Giving Compass’ Take:
• Nell Edgington at Social Velocity discusses the relationship between grantmakers and grantees, giving some advice on how nonprofit leaders can respond to the demands of a funder that may not align with one’s mission.
• The upshot is: Stay true to yourself. Gather evidence and make sure you articulate clearly why there’s a difference in strategy, but never be afraid to speak up for your beliefs.
It’s fairly common knowledge that in the nonprofit sector the relationship between funders and nonprofit leaders is often fraught. A power imbalance between those with the purse strings and those without can sometimes lead to poor decisions about a nonprofit’s future direction.
As a nonprofit leader, there are so many interested parties, so many stakeholders, so many voices telling you what is right and what is best. But the problem is that often those voices have inserted their, or their organization’s, self interest.
So when faced with a critical decision (and so many competing voices) how do you get clear about the right move for your nonprofit and then articulate that potentially unpopular decision to others?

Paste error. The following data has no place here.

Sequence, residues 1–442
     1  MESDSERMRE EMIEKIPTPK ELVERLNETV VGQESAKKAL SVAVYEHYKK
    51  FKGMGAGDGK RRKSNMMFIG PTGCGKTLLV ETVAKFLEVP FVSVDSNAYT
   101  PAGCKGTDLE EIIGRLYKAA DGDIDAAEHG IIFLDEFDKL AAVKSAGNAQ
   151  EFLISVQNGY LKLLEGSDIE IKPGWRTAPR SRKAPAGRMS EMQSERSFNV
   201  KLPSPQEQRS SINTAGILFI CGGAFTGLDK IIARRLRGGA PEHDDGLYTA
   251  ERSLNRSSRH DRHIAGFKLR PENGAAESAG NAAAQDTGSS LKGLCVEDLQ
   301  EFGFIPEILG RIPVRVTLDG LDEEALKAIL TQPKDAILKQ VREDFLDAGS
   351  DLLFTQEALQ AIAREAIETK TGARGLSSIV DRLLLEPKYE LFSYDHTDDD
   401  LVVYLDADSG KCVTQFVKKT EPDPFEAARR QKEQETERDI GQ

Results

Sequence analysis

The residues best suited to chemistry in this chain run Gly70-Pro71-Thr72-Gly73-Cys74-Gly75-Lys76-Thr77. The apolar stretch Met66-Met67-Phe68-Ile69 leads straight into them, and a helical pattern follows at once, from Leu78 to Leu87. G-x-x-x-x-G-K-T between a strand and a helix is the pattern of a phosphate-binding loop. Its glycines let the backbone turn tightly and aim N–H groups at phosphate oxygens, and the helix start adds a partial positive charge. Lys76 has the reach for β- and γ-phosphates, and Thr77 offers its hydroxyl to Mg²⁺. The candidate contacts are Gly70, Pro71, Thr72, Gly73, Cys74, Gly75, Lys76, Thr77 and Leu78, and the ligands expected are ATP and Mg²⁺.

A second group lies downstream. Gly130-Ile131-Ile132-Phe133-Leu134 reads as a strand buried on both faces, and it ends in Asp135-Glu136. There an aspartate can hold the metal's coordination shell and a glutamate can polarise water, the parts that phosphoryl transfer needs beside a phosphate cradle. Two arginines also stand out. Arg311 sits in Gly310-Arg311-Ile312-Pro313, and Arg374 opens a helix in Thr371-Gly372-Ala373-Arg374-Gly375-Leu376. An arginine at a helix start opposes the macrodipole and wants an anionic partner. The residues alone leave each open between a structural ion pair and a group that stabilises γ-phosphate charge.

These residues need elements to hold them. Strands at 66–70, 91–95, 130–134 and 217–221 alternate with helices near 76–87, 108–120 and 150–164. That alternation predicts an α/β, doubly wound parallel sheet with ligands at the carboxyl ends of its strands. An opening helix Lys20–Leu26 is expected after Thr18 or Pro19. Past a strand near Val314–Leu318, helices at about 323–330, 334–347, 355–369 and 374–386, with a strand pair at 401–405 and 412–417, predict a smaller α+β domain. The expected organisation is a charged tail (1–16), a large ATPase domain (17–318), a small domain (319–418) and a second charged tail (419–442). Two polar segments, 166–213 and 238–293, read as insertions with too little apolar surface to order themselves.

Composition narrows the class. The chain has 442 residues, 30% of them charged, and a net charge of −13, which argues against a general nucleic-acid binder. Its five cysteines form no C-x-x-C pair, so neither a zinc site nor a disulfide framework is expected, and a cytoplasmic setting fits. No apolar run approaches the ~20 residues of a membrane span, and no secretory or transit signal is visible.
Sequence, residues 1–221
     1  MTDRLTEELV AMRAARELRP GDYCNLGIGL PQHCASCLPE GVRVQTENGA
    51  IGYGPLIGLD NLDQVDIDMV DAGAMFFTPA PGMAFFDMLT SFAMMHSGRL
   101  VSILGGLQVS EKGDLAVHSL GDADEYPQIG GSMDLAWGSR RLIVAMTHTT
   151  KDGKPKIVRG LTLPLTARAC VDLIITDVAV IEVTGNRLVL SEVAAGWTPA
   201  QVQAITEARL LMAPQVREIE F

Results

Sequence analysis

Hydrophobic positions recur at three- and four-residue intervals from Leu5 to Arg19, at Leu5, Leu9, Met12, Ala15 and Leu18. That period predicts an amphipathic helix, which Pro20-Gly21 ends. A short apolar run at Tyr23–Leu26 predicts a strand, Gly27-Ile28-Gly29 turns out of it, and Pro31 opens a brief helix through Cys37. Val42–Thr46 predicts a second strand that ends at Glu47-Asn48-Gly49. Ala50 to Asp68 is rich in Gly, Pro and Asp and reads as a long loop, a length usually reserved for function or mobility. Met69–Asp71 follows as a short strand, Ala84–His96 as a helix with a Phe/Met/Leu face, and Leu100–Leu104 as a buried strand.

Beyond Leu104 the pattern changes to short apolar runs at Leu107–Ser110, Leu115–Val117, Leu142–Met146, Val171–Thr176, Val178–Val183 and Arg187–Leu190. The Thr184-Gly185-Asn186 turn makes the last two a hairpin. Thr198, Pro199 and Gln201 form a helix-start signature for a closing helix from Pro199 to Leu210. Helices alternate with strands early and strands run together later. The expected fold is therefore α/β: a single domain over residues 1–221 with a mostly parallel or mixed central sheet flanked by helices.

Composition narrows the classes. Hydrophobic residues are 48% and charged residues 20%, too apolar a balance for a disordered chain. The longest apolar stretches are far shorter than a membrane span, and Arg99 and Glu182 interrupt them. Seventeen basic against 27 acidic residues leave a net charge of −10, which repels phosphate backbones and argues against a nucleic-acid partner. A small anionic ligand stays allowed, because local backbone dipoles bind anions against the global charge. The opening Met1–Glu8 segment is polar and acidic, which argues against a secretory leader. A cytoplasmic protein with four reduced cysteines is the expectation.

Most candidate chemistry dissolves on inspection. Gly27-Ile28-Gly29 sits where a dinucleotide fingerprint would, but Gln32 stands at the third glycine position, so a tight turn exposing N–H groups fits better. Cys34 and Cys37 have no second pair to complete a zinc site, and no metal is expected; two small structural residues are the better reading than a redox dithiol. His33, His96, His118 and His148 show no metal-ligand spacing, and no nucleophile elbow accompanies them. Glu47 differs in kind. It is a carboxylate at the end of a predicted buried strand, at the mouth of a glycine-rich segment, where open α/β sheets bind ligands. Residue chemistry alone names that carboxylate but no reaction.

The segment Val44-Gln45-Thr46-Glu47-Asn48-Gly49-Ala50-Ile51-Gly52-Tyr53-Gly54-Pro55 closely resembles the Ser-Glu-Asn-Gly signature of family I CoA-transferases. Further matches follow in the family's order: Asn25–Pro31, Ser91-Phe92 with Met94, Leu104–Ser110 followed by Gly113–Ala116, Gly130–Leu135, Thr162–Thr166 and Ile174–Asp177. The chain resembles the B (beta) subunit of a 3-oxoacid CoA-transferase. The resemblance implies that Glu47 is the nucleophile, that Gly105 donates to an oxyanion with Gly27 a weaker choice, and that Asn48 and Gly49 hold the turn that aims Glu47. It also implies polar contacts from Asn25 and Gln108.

Learning and benchmarking are key steps towards becoming an impact giver. If you are interested in giving with impact on Impact Philanthropy take a look at these selections from Giving Compass.
First, you have to get quiet. I’m serious — take a walk, turn off your devices, go out in the woods, whatever it takes. You simply cannot make a critical strategic decision amid the ringing phones, your staff’s questions, the constant ping of emails, or the lure of social media.
Ask yourself: “Which of the possible directions facing our nonprofit is most likely to increase our ability to achieve our desired outcomes?” If you haven’t yet articulated your nonprofit’s desired outcomes, then you need a Theory of Change, which is an excellent guiding document when facing critical strategic decisions like this.
Articulate (on paper if it’s helpful) why this is the right decision for your nonprofit’s mission and desired outcomes. Then convince a few board champions of your argument. Finally meet one-on-one with your funder, or whoever is trying to take you away from what you know to be the right path. In a clear, evidence-based, confident way explain the reasons behind the decision you have made.
Making the right decision for your organization might be terrifying at first — especially if you risk losing a key funder. But trust me, making the right decision will put your nonprofit in a much better place in the long run.
Read the full article about what to do when funders take a nonprofit off course by Nell Edgington at Social Velocity.
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